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April 17, 2014

As threats grow, Mich. league work for members' data safety gets spotlight

WASHINGTON (4/16/14)--Even with the U.S. Congress out of session until April 28, credit unions are keeping the focus on what must be done to improve the country's data security.

The Michigan Credit Union League's efforts in support of consumer data security gained coverage on , with the league suggesting that the Consumer Financial Protection Bureau supervise retailer consumer data protection practices and how those retailers investigate consumer data theft.

"We think retailers should have skin in the game, and they ought to be responsible and have a vested interest in protecting customers' information," MCUL Chief Operating Officer Ken Ross told . While credit unions and banks are subject to strict security requirements, retailers are not held to the same standards. If one part of the larger puzzle doesn't fit correctly, there can be serious downstream implications, he told MiBiz .

The retailers, Ross argued, must make security a priority, as credit unions and others do.

A data breach at Target stores last year resulted in the theft of 40 million debit and credit cards, and encrypted PIN data, and the names, mail and email addresses, and phone numbers of up to 70 million individuals. Credit unions incurred more than $30 million in losses as a result of the breach.

While a recent Newtek Business Services survey showed that 67% of business owners polled were not concerned about credit card security at their businesses, data breaches and other methods of online theft are becoming all too common. (See March 7 News Now : Survey says majority of business owners unconcerned about card security.)

Around 20% of Americans have been affected by a data breach, a January Pew Research Center report showed. According to the Pew report:
  • 18% of online adults have had their Social Security Number, credit card, bank account or other important information stolen; and
  • 21% of online adults have seen their email or social networking accounts compromised.
For the MCUL story and more on the data breach report, use the resource links. ReadMore

CFPB extends remittance rule shield

WASHINGTON (4/16/14)--The Consumer Financial Protection Bureau is proposing a five-year extension to an exception that minimizes for some credit unions and other financial institutions certain information reporting requirements of its international remittance transfer rule.

The proposal will be available for comments for thirty days from the date it is published in the Federal Register . The agency is also proposing several clarifications and technical corrections to the final rule and commentary.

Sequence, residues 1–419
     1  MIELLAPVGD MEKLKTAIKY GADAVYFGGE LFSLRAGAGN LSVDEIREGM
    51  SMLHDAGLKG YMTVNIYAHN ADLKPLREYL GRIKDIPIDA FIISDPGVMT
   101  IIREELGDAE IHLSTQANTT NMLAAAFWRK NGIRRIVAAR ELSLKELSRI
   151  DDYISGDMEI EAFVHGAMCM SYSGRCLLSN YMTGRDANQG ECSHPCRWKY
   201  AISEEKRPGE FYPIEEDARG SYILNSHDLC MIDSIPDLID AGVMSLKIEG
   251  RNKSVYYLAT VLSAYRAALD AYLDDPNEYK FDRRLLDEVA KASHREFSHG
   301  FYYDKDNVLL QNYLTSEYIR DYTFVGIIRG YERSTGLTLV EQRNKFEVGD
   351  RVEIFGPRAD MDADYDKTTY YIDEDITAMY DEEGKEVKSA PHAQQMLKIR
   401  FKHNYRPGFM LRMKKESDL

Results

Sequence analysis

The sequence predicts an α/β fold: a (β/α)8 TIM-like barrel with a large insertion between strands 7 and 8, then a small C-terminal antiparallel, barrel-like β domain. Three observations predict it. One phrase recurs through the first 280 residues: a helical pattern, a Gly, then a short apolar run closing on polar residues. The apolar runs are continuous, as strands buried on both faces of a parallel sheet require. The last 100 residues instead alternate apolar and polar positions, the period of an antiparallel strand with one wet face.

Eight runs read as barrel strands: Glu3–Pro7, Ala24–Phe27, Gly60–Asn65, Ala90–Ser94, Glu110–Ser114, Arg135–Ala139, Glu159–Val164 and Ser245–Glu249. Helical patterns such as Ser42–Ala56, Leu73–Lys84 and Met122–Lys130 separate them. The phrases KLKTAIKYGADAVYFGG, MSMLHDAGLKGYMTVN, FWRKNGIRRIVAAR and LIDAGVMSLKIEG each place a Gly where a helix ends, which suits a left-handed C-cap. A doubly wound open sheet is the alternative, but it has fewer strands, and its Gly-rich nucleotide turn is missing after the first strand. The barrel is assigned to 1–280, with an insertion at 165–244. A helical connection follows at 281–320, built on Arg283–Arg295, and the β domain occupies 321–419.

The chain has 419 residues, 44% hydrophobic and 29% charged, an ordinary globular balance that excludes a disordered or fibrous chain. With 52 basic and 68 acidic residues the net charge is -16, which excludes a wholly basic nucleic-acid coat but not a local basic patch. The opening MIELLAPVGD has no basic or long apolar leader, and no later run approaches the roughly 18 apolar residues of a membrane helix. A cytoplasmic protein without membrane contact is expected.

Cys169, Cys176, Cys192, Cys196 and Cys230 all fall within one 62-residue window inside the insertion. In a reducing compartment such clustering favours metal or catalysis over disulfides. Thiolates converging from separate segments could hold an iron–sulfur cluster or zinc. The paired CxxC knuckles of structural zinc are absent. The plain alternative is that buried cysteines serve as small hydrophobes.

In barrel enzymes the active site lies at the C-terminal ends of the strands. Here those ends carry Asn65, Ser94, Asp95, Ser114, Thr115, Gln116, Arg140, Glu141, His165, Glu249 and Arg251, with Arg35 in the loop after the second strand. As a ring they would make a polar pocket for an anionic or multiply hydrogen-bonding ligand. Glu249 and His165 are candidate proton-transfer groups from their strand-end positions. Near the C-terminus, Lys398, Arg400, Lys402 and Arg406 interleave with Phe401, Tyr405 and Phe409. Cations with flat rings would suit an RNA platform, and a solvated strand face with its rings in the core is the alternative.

Under the CFPB rule, international remittance transfer providers are generally required to give prepayment and receipt disclosures to the consumer-sender that include the exchange rate, certain fees and taxes associated with a transfer, and the amount of money that will be received on the other end of the transfer.

Remittance transfer providers will also be required to investigate disputes and correct errors. The rule has been in effect since Oct. 28.

The bureau in a release noted that the Dodd-Frank Wall Street Reform Act explicitly allows federally insured financial institutions, like banks and credit unions, to estimate third-party fees and exchange rates when providing remittance transfers to their accountholders for which they cannot determine exact amounts until July 21, 2015. Insured institutions can only use this exception when they cannot determine the exact amounts for reasons beyond their control.

This exception would continue until July 21, 2020, if the proposal is adopted. The CFPB said it moved to extend the exception when institutions reported that current market conditions would make it impossible to know the exact fees and exchange rates associated with a minority of their remittance transfers.

"Without the exemption, these insured institutions report that they would be unable to send some transfers to certain parts of the world that they currently serve," the CFPB noted.

The Credit Union National Association has repeatedly called on the CFPB to use the full authority granted to it in the Dodd-Frank Act to exempt credit unions from the international remittance transfer rule and other regulations.

"When the remittance rule was finalized, several credit unions stopped offering the service to their members," CUNA President/CEO Bill Cheney wrote in a February letter to Congress. ReadMore

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'Overwhelming' response to N.J. CUs' 'trust' billboard

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HIGHTSTOWN, N.J. (4/16/14)--The New Jersey Credit Union League reported an "overwhelming" response to a recent billboard campaign that supported the "Banking You Can Trust" credit union awareness website.  

A New Jersey Credit Union League billboard campaign displayed the $47,589,899 dollar figure that New Jersey credit unions saved New Jersey residents in 2013 and a unique URL tracked back to the Banking You Can Trust site with an explanation of the number. The campaign helped attract a record 6,000 unique visitors and more than 11,000 page views to the Banking You Can Trust website in the first quarter (New Jersey Credit Union League photo)